Atlanta landlords who need to evict a tenant must follow the laws of Fulton County. Evictions can be conducted in less than 30 days, but they must be addressed through the court system. The landlord begins the eviction process by filing paperwork asking for a court order. If it is granted, the marshal's office will then help the landlord regain control of the rental property.
Three Reasons for Eviction
Landlords can legally evict under the following circumstances:
Starting the Eviction Process
To start the eviction process, the landlord must file an original form and three copies at the Magistrate Court office or the Dispossessory Office at the Justice Center Tower. The forms can be found on the Fulton County website or obtained at either filing office. The landlord should also expect to pay a filing fee, which is determined by the number of tenants being evicted.
Landlords who cannot afford the filing fees can file an Affidavit of Indigence, which is a form that asks the court to waive the filing fees due to financial difficulties. A judge will use the information about the landlord's income and expenses to decide if the landlord meets the low-income requirements.
Once the forms have been filed, an eviction warrant will be issued by the court. An officer from the Fulton County Marshal's Office will tack a notice of eviction onto the rental property and send another copy of the eviction by mail. If requested, the marshal may deliver the eviction notice directly to the tenant or give the notice to someone of legal age who resides on the property.
Waiting for an Eviction Response
Tenants have seven days to contest the warrant. To legally dispute eviction, the tenant must file an answer with the court. If the eviction is contested, the Fulton County court system will schedule a court date at least seven days after the answer has been filed. If the tenant does not file a dispute with the court, the eviction will proceed.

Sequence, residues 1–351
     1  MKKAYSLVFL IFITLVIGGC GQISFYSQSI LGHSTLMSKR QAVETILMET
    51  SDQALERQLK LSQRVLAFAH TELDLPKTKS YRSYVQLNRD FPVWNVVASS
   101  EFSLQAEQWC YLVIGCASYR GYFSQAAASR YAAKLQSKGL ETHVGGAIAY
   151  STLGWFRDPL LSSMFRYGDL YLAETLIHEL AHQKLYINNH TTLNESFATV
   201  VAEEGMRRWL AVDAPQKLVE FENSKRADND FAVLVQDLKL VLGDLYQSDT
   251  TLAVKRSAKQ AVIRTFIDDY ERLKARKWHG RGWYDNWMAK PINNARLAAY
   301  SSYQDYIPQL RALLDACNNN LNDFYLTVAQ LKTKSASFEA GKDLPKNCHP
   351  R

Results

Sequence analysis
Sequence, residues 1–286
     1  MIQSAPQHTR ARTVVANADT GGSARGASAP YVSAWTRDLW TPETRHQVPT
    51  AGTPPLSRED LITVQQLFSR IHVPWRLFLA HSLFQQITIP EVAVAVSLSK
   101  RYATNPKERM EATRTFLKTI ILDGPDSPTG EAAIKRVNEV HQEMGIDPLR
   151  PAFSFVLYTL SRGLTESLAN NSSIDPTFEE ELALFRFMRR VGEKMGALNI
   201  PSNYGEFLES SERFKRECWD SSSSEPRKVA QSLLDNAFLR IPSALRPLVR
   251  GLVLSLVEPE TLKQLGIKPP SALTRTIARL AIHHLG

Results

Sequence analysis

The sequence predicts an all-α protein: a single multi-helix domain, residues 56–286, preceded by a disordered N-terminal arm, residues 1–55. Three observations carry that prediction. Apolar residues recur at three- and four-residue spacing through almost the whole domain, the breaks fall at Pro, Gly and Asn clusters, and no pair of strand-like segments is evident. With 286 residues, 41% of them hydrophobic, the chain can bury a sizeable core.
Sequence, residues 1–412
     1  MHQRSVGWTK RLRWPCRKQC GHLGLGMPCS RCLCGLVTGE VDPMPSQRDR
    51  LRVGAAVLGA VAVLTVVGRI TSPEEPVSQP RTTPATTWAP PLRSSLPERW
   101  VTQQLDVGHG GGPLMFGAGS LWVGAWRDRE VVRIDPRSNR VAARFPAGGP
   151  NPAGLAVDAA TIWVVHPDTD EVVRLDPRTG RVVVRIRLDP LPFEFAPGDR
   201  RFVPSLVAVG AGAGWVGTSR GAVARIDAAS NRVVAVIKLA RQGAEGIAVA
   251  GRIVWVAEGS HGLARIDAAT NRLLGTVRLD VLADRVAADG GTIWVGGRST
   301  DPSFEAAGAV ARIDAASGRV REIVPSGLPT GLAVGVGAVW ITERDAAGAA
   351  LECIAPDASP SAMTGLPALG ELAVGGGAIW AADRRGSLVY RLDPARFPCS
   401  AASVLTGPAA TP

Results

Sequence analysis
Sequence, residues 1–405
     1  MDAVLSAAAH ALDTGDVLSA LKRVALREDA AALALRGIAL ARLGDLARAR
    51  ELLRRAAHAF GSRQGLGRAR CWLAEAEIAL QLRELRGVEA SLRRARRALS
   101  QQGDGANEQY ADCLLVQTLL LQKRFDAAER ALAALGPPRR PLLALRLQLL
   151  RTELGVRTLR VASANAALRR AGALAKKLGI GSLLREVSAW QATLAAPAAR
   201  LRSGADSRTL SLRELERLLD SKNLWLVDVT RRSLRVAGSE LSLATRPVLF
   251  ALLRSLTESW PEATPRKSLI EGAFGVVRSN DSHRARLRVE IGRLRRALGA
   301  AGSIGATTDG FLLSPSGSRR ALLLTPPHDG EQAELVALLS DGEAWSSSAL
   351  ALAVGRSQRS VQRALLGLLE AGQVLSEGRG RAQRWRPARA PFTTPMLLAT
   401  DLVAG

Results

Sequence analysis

Answering a Contested Warrant
If the warrant is contested, the tenant and landlord will meet in court and discuss their disagreement before a judge. Landlords should bring a copy of the lease and other proof that the tenant has not followed the agreement to the court hearing. Sometimes formal mediation is used for the landlord and tenant to reach an agreement. If the tenant believes that the landlord has not met his legal responsibilities, the tenant can also choose to counter-sue during the same court case.
Executing a Writ of Possession
If the tenant loses the court case or does not file to contest the eviction warrant, the landlord should file paperwork at the courthouse to ask for a Writ of Possession. This court order gives the landlord the legal standing to work with the marshal's office and evict the tenant.
Landlords should not accept back rent payments at this time unless they are willing to forgo the eviction process. Once the eviction is completed, the landlord can try to recuperate back rent through a collection agency or civil suit.
Once the Writ of Possession application has been processed, the marshal's office will contact the landlord. The landlord can then schedule a day and time for the eviction. The marshal will be present during the eviction, but the landlord must arrange for any necessary labor to move the tenant's possessions out of the rental unit.
If the eviction is not contested, most landlords can evict their tenants within 30 days. The key to an expedient eviction is to file the necessary forms with the court immediately and be prepared with a copy of the lease, canceled checks and other supporting documentation in case the eviction is contested. Even if the landlord is having financial difficulties, an Affidavit of Indigence and free legal help from legal aid should make the process accessible.
Please note: These articles are for informational purposes and we advise you to consult an attorney for more specific information related to your situation.
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